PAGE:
Friday Aug 22, 2008

POFACS Podcast: Home Servers are quickly becoming Commonplace

I remember having talked at a conference 3 years ago and predicting that home servers are going to become a central part of most people's homes. Today, this would not be a surprise, but back then, running a server at home was really only for computer geeks.

Now, the entertainment industry gives us many home server alternatives to choose from: Add 50-100 EUR to a USB disk's price, and you'll get a built in server that offers the space to your local network through SMB, NFS or other protocols. Microsoft has discovered this, too and they're busily debugging their Windows Home Server products. UPnP has emerged as a standard for driving audio/video components over the network from servers, be they beefed up USB disks or some machine running some OS with some server component or a real dedicated home server machine. If you use iTunes and enable the "sharing" piece, you're already running a home server.

Of course, this is all driven by clients. First, people imported their music from CDs into their computers so they could listen on the go and fill their MP3 players. Then, they discovered that running a PC or even a laptop in your living room to listen to your music isn't really cool and lacks that WAF that makes or breaks most living room decisions. Soon, specialized living room clients started to pop up, such as the Roku Soundbridge or the Logitech SqueezeBox. Digital TV set-top-boxes and PVRs like the DreamBox were also early adopters of the home network by either offering TV streams on the network or using network attached storage for storing recorded TV shows. And the current generation of game consoles comes with Wifi and/or wired networking as a central part of their strategy, and they make good network media players as well. Even the traditional vendors of home entertainment equipment such as TVs, Hifi systems etc. have started to adopt some way of accepting digital audio and/or video from the network for A/V Receivers, DVD-Players, TVs etc. My current favourite, for example is the Linn Sneaky Music DS. And I applaud them for boldy migrating their records business to the digital world, in full studio master quality. You can even buy their full music catalog pre-installed on a 2TB NAS storage appliance, including UPnP server!

The current edition of the POFACS Podcast (sorry, it's in German) talks about the various ways a home server can add value to your living room experience, from serving files to your family's laptops, being a backup repository to the more interesting topics of serving music for dinner in a WAF-friendly way or handling your TV recordings over the net so you don't have to worry about noisy PCs and harddisks sitting in your living room. Enjoy!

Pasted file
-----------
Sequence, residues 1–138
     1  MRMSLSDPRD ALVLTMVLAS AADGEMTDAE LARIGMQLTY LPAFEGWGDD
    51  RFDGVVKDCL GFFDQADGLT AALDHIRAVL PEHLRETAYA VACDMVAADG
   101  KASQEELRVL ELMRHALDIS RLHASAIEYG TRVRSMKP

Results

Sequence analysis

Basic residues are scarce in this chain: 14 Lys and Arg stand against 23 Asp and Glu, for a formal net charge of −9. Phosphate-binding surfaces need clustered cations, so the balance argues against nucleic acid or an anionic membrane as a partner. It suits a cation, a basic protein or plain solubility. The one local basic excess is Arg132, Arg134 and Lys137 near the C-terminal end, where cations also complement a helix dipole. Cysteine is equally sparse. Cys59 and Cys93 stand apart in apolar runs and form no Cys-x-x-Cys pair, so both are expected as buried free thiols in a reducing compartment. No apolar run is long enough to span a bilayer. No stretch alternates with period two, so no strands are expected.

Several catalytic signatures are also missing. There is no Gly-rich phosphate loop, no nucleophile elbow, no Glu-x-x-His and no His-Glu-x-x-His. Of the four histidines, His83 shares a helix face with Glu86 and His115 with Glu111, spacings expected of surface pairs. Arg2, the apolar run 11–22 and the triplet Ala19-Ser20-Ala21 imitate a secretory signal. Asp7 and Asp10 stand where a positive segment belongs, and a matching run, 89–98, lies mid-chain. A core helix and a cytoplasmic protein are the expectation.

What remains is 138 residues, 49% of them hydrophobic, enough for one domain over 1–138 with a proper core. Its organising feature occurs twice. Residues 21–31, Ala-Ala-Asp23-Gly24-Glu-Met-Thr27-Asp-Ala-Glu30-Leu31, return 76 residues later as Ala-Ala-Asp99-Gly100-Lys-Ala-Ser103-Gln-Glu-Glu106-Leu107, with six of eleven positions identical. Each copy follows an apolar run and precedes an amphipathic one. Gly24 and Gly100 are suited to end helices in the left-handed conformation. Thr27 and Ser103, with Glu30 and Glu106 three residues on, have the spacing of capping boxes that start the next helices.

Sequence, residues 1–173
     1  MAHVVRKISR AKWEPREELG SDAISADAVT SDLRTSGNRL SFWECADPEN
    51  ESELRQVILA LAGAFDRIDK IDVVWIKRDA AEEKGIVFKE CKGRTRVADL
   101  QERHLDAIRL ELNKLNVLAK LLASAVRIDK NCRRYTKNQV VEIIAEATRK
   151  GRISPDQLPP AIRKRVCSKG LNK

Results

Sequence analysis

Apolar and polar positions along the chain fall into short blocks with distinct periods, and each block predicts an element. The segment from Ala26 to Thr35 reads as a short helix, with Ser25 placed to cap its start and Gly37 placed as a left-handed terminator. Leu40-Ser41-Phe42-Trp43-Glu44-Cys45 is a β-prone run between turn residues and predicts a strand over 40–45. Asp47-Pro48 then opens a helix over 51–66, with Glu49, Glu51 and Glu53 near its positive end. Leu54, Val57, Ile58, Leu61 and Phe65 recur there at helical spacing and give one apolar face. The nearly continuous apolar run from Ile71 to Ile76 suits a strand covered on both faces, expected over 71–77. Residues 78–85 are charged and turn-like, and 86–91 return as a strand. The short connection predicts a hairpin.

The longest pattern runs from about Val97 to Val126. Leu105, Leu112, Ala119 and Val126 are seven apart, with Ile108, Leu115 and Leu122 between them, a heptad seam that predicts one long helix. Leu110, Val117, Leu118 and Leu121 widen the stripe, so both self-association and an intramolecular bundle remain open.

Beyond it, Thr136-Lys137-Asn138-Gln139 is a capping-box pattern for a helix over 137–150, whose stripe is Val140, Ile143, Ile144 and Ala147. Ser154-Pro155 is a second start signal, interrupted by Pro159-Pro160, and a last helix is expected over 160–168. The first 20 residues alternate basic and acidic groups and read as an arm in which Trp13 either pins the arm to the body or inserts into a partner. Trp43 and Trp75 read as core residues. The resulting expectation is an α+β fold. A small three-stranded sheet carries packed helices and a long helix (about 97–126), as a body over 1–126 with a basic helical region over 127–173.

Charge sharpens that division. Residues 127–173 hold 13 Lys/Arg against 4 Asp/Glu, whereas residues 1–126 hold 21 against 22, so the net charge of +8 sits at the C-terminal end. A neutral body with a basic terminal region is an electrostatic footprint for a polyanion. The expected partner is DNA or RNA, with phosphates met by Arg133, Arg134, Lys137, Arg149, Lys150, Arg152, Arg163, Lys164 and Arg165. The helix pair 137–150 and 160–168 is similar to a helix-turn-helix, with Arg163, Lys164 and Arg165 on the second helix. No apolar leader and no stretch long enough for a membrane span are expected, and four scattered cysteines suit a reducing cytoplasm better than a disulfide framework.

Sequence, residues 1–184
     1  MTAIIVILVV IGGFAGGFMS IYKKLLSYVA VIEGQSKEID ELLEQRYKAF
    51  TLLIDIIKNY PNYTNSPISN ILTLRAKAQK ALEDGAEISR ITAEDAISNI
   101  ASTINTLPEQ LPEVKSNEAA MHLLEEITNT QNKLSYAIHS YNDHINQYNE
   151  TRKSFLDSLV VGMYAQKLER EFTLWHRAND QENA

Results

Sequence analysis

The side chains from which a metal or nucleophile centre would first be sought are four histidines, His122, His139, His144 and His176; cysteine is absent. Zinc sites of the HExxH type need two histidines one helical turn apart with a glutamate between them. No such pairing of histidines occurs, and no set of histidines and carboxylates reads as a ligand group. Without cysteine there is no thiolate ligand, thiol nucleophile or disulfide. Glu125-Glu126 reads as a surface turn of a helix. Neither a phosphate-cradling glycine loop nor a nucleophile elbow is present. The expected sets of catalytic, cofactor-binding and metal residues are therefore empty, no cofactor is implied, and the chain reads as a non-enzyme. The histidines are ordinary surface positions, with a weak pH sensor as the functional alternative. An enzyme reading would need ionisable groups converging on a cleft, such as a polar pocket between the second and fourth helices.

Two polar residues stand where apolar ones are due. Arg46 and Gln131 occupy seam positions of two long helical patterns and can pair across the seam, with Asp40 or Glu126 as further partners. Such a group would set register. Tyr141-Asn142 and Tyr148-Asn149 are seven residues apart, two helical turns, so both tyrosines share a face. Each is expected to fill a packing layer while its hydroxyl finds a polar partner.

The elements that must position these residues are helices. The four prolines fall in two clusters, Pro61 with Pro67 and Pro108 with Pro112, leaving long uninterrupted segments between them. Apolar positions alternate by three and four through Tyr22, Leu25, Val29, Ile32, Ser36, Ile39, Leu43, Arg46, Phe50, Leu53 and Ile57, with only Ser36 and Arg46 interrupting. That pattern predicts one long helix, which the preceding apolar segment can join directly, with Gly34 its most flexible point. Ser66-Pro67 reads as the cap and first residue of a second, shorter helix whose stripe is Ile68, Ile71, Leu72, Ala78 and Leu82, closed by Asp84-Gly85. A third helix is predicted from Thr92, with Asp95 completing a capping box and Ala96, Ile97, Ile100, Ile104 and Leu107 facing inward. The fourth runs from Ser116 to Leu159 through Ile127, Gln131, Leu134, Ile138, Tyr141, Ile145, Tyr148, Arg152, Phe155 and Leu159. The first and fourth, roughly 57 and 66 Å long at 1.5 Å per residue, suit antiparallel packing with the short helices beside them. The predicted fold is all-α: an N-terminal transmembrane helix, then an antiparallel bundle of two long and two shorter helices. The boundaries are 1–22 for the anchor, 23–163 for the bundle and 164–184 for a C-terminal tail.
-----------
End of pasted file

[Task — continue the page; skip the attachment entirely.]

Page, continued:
Monday May 26, 2008

HELDENFunk Podcast featured in "Blick über den Tellerrand"

Our HELDENFunk podcast, part of the german Systemhelden.com sysadmin portal (If you don't understand German, you may prefer systemheroes.co.uk) has been featured in episode #166 of Alex Wunschel's "Blick über den Tellerrand". Watch out after minute 21:50.

Blick über den Tellerrand cover artThe "Blick" is a weekly podcast in german about the "Blogosphere, Podosphere, Web x.0 and user/corporate-generated knick-knack". If you understand german and are interested in how social media is conquering Germany, this podcast is a must-listen. The german saying "Blick über den Tellerrand" means "glance across the edge of the plate", which is the german version of "glancing beyond one's nose".

The hot topic discussed in this and the preceding episodes is about Germany's public broadcasting agencies. On one hand, they get money from everybody who owns a radio, TV or a computer (read: Everyone, like a tax) and they're supposed to use it to create high-quality programming. On the other hand, the current draft of their "Rundfunkstaatsvertrag" (broadcasting state contract) forbids them to use more than 5% of the budget for online media. Their stance in this dilemma is published in the form of a controversial documentary called "Quoten, Klicks und Kohle" which can be loosely translated to "Vieweing Figures, Clicks and Dough".

You and I, but not enough people apparently, know that all media is significantly moving towards online ways of distribution. In fact, according to a study made by Bonn University and IBM, classic TV is losing importance, in particular among the younger generations and may become less siginificant than online media quite soon.

As part of this discussion, Alex is receiving quite a lot of feedback via email, phone and as MP3 files, which is where the HELDENFunk podcast is being mentioned in the current episode.